LYON, France—Defending champions United States reached the women’s World Cup final for the fifth time after an incident-packed 2-1 win over England, who missed a late penalty, on July 2.
In a tournament that has earned unprecedented attention, the much-anticipated game certainly delivered with an abundance of excitement and relentless effort, topped by moments of wonderful skill.
It was business as usual for the three-times World Cup winners but for England there was agony as skipper Steph Houghton missed an 84th-minute penalty that could have pushed the game into extra time.
After a powerful start from the Americans, Christen Press, replacing the absent Megan Rapinoe, opened the scoring in the 10th minute with a fine header but the Lionesses fought back, leveling nine minutes later with Ellen White’s sixth goal of the tournament.
The United States restored their advantage in the 31st minute through Alex Morgan’s header from Lindsey Horan’s perfectly floated ball—a goal which Morgan, on her 30th birthday, celebrated with a mocking ‘sip of tea’ gesture.
England thought they had leveled in the 69th minute, through another excellent White finish, but the goal was ruled out for offside by VAR video review.
VAR did provide England with a lifeline though, a penalty awarded for a foul on White, but Houghton’s soft spot-kick was saved by Alyssa Naeher.
England had defender Millie Bright sent off for a second booking three minutes from the end.
The drama on a remarkable night began before the game when the team-sheets showed that Rapinoe, who had scored four goals in the last two games, had been left on the bench, most likely with an injury although the absence was not explained by U.S. team officials.
There was an unwelcome surprise for England too with goalkeeper Karen Bardsley missing out with a hamstring injury and Carly Telford drafted in.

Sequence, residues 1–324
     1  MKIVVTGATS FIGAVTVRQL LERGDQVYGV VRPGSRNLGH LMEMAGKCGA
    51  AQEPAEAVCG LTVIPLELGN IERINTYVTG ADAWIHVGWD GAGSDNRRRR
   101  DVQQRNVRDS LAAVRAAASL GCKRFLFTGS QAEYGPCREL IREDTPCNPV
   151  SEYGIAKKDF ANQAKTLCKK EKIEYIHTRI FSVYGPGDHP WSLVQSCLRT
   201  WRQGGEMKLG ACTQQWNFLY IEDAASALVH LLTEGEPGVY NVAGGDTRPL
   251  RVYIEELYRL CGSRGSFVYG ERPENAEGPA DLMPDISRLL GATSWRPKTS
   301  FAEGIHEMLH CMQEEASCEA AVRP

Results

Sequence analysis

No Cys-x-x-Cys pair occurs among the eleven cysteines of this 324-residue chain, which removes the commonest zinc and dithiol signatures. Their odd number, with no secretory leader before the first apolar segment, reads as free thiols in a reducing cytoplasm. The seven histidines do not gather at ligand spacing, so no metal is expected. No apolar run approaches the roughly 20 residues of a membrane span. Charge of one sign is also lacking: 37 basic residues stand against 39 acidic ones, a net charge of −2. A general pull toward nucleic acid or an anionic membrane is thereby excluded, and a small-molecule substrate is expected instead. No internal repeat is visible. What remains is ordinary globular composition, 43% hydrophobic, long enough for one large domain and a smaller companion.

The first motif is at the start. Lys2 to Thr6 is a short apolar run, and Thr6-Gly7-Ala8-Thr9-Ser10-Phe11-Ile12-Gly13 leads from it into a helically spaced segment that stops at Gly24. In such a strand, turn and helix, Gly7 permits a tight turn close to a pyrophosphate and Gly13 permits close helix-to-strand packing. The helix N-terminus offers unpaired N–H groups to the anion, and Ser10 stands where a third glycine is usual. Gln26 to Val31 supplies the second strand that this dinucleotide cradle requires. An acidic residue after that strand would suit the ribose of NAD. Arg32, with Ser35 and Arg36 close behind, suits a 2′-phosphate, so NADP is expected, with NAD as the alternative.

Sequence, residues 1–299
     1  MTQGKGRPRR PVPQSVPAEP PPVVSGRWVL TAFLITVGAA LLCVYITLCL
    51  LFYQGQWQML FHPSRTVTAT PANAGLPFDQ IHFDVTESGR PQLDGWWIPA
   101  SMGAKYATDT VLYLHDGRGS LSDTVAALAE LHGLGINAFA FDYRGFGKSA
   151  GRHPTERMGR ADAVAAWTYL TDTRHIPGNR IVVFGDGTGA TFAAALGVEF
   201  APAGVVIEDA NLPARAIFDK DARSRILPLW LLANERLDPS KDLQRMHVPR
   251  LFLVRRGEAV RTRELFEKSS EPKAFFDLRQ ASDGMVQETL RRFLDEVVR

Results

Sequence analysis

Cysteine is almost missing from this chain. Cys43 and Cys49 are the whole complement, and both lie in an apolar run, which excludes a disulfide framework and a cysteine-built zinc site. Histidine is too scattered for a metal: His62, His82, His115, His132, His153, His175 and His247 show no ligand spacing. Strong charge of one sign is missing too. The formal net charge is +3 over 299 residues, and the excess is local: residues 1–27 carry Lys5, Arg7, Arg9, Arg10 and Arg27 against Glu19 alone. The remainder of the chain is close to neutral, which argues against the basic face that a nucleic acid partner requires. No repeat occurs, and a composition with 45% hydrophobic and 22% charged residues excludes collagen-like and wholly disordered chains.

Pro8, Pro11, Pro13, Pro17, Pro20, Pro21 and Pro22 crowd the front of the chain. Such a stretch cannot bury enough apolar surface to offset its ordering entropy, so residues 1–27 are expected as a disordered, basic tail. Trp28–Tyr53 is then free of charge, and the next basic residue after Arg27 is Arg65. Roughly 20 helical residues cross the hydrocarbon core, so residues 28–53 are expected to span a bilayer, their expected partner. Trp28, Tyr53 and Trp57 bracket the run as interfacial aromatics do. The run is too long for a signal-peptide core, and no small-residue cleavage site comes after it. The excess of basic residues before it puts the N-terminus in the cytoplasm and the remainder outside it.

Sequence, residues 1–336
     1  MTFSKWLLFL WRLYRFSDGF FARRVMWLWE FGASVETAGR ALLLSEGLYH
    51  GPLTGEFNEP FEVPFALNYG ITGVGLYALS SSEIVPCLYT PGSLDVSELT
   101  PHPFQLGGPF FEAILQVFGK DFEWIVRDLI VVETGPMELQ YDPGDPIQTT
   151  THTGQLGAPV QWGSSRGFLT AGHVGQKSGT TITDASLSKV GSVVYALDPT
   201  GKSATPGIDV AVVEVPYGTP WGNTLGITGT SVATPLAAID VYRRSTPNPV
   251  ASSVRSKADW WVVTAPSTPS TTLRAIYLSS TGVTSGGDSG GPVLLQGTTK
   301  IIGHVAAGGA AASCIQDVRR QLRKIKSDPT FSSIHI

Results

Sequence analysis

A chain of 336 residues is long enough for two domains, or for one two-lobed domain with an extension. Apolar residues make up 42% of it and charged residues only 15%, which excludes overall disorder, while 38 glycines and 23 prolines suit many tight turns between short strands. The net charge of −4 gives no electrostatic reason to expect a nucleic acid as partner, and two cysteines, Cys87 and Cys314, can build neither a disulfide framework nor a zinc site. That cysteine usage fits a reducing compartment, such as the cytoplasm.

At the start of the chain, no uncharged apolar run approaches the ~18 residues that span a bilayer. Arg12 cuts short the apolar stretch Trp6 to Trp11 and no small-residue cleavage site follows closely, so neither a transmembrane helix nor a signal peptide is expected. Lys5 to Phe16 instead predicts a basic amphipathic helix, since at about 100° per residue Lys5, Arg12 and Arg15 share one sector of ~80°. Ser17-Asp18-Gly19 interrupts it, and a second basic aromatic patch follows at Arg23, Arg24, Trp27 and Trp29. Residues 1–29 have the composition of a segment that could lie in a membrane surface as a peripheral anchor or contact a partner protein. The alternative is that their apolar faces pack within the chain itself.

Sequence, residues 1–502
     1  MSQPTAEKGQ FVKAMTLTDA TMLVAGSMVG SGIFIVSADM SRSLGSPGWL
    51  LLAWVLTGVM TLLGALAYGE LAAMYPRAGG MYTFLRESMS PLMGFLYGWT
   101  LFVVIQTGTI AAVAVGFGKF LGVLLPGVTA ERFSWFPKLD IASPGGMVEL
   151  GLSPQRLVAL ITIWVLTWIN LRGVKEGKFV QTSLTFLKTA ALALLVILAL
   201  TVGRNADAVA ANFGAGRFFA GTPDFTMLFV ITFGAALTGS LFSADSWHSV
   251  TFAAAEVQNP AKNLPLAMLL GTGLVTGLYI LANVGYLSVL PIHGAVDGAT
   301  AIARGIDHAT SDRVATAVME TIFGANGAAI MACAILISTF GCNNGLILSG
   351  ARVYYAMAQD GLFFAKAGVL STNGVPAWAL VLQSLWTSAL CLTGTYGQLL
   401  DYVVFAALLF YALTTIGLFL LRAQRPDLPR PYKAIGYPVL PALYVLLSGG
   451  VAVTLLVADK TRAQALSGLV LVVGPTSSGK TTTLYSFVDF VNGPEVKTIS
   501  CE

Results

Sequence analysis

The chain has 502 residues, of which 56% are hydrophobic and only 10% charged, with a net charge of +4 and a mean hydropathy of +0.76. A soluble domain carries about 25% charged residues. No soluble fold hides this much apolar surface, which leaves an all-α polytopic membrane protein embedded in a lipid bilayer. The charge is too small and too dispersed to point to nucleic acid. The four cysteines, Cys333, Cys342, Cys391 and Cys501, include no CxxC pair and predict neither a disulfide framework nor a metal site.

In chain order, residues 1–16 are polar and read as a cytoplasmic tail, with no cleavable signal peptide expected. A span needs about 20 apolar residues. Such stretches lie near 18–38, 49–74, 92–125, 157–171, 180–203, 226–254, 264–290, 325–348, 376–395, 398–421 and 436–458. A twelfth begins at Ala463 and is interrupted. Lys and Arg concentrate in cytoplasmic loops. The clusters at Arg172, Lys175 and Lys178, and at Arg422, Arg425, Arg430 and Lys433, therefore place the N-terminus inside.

As so often, the Americans were fast out of the traps and launched a wave of early attacks and high pressing which England’s defense struggled to cope with.
Telford was called into early action to parry a fierce shot from Rose Lavelle after the midfielder had slipped the ball through the legs of Bright and, luckily for the Lionesses, Morgan blasted the loose ball over the bar.
The early lead the defending champions had threatened came in the 10th minute when Kelley O’Hara whipped in a cross from the right and Press lost her marker Lucy Bronze and headed firmly past Telford.
With the U.S. fully exploiting the space they were given in midfield, England were in danger of letting the game slip out of their control but against the run of play they leveled in superb style.
Keira Walsh’s sweeping cross-field pass found Beth Mead on the left and her ball inside was met first time by White, who lifted a side-foot shot in off the far post.
The Lionesses were back in the game but they soon needed Telford again to keep out a fierce snap-shot from the excellent Lavelle.
But the quality of the Americans in the final third was displayed in perfect fashion when Press collected a ball from deep on the left flank and fed Horan, whose delightful lofted pass was met by Morgan with a pinpoint header that flashed past Telford.
Walsh forced Naeher into a full-stretch save with a powerful strike from 20 meters out but England needed the tactical adjustments that coach Phil Neville made at the break.
The improved approach looked to have paid dividends when Jill Scott’s defense-splitting through ball was slotted home by White but to the agony of the Lionesses the VAR signal was made and the review showed the England striker offside by the tightest of margins.
The next time the signal was made for review, it was after White went down in the area under challenge from Becky Sauerbrunn and after some delay the Brazilian referee pointed to the spot.
But Houghton, so dependable in so many ways for England, let the nerves get to her and a soft kick was easily saved by Naeher.
It was the killer blow for England and a major let-off for the Americans. When Bright was dismissed any chance of a late upset went with her.
By Simon Evans